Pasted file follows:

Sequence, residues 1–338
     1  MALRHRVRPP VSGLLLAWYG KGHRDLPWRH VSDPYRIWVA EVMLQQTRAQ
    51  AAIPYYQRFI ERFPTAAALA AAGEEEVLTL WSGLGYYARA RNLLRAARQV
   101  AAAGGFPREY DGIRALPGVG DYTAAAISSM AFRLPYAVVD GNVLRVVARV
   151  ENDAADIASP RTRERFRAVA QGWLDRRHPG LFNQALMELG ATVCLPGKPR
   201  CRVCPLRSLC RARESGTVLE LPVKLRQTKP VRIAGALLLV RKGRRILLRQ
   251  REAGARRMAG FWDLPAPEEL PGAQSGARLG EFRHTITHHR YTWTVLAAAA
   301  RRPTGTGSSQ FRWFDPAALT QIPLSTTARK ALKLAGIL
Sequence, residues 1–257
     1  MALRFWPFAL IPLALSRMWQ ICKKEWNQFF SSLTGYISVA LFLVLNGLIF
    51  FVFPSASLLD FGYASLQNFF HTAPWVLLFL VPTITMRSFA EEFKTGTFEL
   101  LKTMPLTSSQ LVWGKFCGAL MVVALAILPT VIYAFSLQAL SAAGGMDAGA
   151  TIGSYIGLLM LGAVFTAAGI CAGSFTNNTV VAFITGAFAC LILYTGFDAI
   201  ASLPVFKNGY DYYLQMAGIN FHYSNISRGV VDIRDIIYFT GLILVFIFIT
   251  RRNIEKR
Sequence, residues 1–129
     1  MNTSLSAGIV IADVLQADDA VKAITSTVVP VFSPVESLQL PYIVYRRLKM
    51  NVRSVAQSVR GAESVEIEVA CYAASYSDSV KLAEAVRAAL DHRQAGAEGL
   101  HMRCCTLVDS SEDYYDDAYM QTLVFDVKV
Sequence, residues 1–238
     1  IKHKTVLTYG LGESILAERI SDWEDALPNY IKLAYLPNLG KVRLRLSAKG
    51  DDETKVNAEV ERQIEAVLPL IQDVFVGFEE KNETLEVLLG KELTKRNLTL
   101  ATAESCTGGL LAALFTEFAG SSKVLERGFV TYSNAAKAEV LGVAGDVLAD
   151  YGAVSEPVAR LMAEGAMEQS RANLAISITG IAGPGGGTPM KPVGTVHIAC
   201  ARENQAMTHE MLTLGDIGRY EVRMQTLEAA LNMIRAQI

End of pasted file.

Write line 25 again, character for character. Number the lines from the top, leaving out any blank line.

   201  ARENQAMTHE MLTLGDIGRY EVRMQTLEAA LNMIRAQI